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The crystallized ‘mudança’ of goa

Sanjeev V Sardesai

It is time for the scorching summer heat to roll in. People of Goa face the onslaught of summer and beat the heat with innovative ways!

We start our journey from the village of Bogmalo. Immediately after you go ahead from the Naval Aviation Museum, about 100 metres on a descent, you come across a well-maintained old ecclesiastical structure to your right – the Church dedicated to St Cosme and St Damiao. Initially, there was another chapel existed, since March 1784, then under the Parish of Chicalim. This Bogmalo edifice built in 1890 was raised to a full parish in 1956.

As you proceed down, the roads are flanked by a stream of coconut groves. The famous Bogmalo Beach lies about 100 metres down the road. This beach is a stretch of about 200 metres and has a wide carpet of sand in the form of a cove. At both its ends, this beach stretch has tall hillocks, bracketing it in between. Bogmalo is the preferred picnic spot for many families and you can feast on a variety of culinary delights offered by the food outlets spread along the entire stretch.

The beaches earlier were not as developed as they are today. Bordered with tall coconut trees, the entire coastline was the hub of fishing activity and the along the shores had small, tiled houses, used by the fishing community. There was a concept ‘mudança’ or ‘proceeding for a holiday destination for a change of climate’. It was a temporary shift of residence with the entire family to another airy location for a short period. Goan families would hire these local houses along the beach, for those few days. It was much looked forward to period especially for those coming for their summer holiday break from erstwhile Bombay.

This mudanca had a good healthy reason – it was, and still is, an age old tradition for the elderly people, especially those with arthritis and joint problems, to go for their ‘annual salt water bath’ in the sea. Whether the effects of this traditional treatment was effective or it was a psychological placebo effect, did not matter; the happiness quotient in the entire family, was heightened.

Another important factor was a healthy social interaction amongst the visiting families and the local villagers; and due to the repeated annual visits, these families were considered as part of the village and their social activities.

These ‘mudancas’ saw the elderly at peace with their annual schedule, the youth refreshed in the traditional village tavernas, sipping the fresh ‘urrack’ – the first distillation of the fermented cashew fruit juice.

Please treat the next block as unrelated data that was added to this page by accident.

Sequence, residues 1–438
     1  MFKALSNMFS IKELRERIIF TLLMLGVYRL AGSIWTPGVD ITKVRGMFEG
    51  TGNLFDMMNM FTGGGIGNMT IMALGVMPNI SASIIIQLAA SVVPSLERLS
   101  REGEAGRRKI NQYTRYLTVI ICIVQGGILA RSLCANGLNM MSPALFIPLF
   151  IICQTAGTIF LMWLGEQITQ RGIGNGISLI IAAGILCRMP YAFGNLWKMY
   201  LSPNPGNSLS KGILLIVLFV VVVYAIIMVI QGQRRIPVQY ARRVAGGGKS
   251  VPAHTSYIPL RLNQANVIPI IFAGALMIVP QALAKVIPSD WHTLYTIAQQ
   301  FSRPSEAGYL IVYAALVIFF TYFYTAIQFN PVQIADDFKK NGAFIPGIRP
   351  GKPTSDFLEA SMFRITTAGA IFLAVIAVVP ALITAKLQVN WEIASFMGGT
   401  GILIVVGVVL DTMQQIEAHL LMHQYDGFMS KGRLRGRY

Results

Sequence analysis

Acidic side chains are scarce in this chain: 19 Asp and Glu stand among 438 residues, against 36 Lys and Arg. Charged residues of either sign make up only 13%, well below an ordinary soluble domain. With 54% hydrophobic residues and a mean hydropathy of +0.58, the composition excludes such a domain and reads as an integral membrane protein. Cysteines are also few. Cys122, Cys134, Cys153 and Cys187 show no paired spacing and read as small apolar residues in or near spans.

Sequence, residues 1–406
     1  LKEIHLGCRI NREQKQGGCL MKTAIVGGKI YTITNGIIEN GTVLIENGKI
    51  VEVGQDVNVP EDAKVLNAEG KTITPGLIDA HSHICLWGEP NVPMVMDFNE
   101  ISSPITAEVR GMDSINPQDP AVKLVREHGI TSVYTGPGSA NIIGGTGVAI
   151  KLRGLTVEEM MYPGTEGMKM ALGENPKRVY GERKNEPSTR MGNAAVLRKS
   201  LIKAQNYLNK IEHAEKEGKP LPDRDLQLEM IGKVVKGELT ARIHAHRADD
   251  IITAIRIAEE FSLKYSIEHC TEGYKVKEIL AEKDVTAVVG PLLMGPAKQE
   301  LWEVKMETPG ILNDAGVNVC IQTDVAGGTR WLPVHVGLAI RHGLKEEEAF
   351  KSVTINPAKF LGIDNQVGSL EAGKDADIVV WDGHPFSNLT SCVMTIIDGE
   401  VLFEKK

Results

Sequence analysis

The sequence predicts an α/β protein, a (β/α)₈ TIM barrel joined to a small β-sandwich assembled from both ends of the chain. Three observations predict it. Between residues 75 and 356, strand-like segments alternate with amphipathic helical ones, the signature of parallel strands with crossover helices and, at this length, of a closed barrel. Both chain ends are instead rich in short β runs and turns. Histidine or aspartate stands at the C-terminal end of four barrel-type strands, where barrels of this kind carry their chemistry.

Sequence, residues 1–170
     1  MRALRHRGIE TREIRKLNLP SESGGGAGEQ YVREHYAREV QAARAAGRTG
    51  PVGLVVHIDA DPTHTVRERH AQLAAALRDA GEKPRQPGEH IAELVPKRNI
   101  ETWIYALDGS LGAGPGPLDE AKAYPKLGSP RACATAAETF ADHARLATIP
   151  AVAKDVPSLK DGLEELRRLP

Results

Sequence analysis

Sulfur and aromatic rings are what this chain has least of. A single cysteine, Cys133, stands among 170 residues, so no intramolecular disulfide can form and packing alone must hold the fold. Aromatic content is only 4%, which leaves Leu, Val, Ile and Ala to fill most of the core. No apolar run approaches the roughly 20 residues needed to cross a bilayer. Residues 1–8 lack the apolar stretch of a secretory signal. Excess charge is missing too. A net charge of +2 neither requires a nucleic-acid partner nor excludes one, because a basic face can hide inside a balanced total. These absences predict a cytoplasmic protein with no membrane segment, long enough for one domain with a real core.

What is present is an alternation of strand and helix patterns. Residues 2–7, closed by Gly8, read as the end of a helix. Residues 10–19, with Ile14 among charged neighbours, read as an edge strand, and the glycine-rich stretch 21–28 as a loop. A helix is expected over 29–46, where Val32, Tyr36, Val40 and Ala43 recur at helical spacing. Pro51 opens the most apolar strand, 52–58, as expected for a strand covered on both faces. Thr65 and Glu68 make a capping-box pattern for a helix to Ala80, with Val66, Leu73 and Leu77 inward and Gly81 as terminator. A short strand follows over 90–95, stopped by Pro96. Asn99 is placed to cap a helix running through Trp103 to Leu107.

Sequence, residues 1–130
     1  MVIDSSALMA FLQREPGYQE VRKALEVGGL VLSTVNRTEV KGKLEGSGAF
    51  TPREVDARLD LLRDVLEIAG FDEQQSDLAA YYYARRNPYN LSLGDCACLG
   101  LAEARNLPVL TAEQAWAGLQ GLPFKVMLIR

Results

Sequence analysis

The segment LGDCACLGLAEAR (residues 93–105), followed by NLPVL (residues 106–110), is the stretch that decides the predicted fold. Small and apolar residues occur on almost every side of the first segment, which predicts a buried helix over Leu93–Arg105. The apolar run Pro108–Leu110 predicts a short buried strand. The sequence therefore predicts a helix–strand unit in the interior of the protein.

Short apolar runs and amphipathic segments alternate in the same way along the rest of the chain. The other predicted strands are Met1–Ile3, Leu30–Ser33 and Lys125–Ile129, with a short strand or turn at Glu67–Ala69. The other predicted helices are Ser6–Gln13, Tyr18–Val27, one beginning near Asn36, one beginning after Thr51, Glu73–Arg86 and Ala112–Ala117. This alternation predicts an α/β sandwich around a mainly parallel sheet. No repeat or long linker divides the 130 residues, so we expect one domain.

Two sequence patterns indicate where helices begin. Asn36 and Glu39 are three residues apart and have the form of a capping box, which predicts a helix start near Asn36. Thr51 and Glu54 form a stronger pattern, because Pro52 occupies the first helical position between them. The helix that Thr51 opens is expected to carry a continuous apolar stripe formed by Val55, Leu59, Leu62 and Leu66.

After having enjoyed this destination, let us proceed to another beach destination close-by – Hollant Beach. When you climb the slope of Bogmalo Village, and go past the Naval Aviation Museum, about 150 metres ahead, on the descent, you meet a ‘Y’ intersection in the road, going down to the right. Proceed along this route to the well hidden fishing hamlet of Hollant.

On holidays, we can see a huge crowd of picnickers at this so-near-yet-unknown beach. There is a shack where you can avail of the basic refreshments. The entire beach stretch of about 100 metres is dotted with the traditional fishing boats or ‘ramponns’.

Though many visitors traverse this route to visit Hollant, almost all are totally unaware of a heritage treasure that lies along the way. As you proceed to the beach and on the road of Hollant village, you come across a Y intersection, where the left route takes you to the beach, while the right goes to a holiday resort. Just near this intersection to the right, you can see a traditional Goan house. Just behind this house is a very unique cave. It is not carved out into a rock or in a hill side, but this ancient cave, has an approximately 2 feet, circular opening and is carved out from the ground below. If you request the owners of this house they will let you see the cave. Presently it is covered with a circular laterite stone to protect it from the forces of nature.

Now let us proceed to another jewel in the crown of Goa turning back to the main Airport-Verna highway and proceed to the right, towards Verna. After we cross the ZIOL Petrol Tank Storage Station we come across a break in the highway median; take a turn right here and then the immediate left. We are now enroute to the South Goa coastline.


This lengthy coastline starting from a point after the Hollant hillock, at Velsao Village right up to Mobor and Betul is the second longest unbroken beach stretch in India, after Kovalam. The beaches in this stretch are Velsao, Cansaulim, Arrosim, Utorda, Majorda, Betalbatim, Colva, Sernabatim, Benaulim, Vaddi, Varca, Fatrade, Carmona-Zalor, Cavellossim and Mobor Beach, with Betul Beach across the River Sal.

The Goan Coastline is a 105 kilometres stretch from North to South. One can observe as you move from north to south, the sand on the Goan coastline changes from coarse and golden towards the north, to become powdery and white as we reach Colva.


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